What immediately stood out to the Carells—and what got them through—was Nadeau’s compassion and the entire research team’s support.
“We call Kari a gentle genius,” says Nancy. “During the trial [which can result in allergic reactions at home], we besieged her with phone calls. She answered every time and stayed on the phone with us until everything was under control. I trust her completely.”
When Annie successfully completed the trial, the Carells wanted other families facing food allergies to have the same opportunity. They have played an active role in supporting Nadeau’s research and in raising the public’s awareness of food allergies. In 2011, Steve volunteered to host a fundraising gala and recruited his friend and fellow actor Dana Carvey to help him raise support for food allergy research at Stanford. Steve has also narrated an hour-long documentary and participated in public service announcements to help raise awareness.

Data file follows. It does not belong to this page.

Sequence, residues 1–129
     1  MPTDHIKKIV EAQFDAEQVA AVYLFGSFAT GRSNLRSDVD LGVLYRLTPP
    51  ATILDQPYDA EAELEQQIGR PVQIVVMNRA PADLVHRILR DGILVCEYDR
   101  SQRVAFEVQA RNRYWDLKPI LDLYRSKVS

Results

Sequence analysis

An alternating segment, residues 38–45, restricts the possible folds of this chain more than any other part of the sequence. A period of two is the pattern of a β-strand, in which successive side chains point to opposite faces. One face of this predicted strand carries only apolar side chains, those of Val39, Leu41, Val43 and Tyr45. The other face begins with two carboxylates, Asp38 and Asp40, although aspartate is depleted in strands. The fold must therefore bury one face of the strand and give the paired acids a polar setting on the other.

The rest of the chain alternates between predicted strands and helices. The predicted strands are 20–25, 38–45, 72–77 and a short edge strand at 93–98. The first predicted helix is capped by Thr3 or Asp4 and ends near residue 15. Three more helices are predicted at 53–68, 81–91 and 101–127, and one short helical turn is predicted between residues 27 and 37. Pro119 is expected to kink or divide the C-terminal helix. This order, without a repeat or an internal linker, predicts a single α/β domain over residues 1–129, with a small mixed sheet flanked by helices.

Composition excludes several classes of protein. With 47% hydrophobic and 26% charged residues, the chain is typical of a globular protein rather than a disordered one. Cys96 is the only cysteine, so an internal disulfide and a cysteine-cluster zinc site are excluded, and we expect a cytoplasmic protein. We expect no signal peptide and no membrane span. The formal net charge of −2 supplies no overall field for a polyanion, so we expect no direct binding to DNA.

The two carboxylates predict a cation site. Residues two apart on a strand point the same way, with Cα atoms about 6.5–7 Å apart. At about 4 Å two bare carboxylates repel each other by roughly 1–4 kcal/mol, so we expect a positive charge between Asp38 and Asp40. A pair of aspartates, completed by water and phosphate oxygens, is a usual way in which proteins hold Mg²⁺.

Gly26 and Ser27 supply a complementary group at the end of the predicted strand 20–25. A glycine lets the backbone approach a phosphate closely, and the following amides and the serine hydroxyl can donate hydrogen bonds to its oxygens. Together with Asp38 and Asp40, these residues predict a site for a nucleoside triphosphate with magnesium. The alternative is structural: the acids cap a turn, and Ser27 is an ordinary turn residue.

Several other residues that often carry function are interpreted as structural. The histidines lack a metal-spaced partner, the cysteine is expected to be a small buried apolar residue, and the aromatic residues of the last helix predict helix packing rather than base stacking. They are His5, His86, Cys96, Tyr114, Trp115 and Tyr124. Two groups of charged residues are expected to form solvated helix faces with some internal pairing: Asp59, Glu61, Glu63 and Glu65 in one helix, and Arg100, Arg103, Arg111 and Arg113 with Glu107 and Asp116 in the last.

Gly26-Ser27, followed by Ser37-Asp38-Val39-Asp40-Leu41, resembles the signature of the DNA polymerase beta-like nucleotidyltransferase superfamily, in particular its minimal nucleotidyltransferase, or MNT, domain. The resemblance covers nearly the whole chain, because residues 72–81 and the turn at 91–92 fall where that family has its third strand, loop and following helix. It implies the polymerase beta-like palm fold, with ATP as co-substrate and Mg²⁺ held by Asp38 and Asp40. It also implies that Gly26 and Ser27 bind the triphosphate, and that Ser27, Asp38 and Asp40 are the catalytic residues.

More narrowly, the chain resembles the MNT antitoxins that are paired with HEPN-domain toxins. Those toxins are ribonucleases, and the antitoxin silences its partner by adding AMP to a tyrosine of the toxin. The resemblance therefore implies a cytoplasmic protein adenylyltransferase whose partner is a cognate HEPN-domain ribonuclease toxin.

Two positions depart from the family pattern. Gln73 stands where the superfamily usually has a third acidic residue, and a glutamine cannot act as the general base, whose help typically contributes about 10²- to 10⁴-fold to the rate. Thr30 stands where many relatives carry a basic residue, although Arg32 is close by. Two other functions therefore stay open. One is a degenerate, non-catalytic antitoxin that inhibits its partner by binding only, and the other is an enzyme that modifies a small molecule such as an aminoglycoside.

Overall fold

“Living with food allergies can be extremely difficult but should be approached in a positive, proactive way,” says Steve. “It’s important to support allergy research because every day they are coming closer to a permanent cure for food allergies. So there is hope.”
Stefan Lainovic, 22, was the first New Yorker to join one of Nadeau’s clinical trials at Stanford. When Stefan was an infant, his doctors described him as “wildly allergic” to dairy and egg. Restaurant meals and processed foods were out of the question. Any food prepared on equipment shared with egg or dairy ingredients could cause a deadly anaphylactic reaction. Like other parents of food allergic children, his mother, Rebecca, monitored everything he put in his mouth.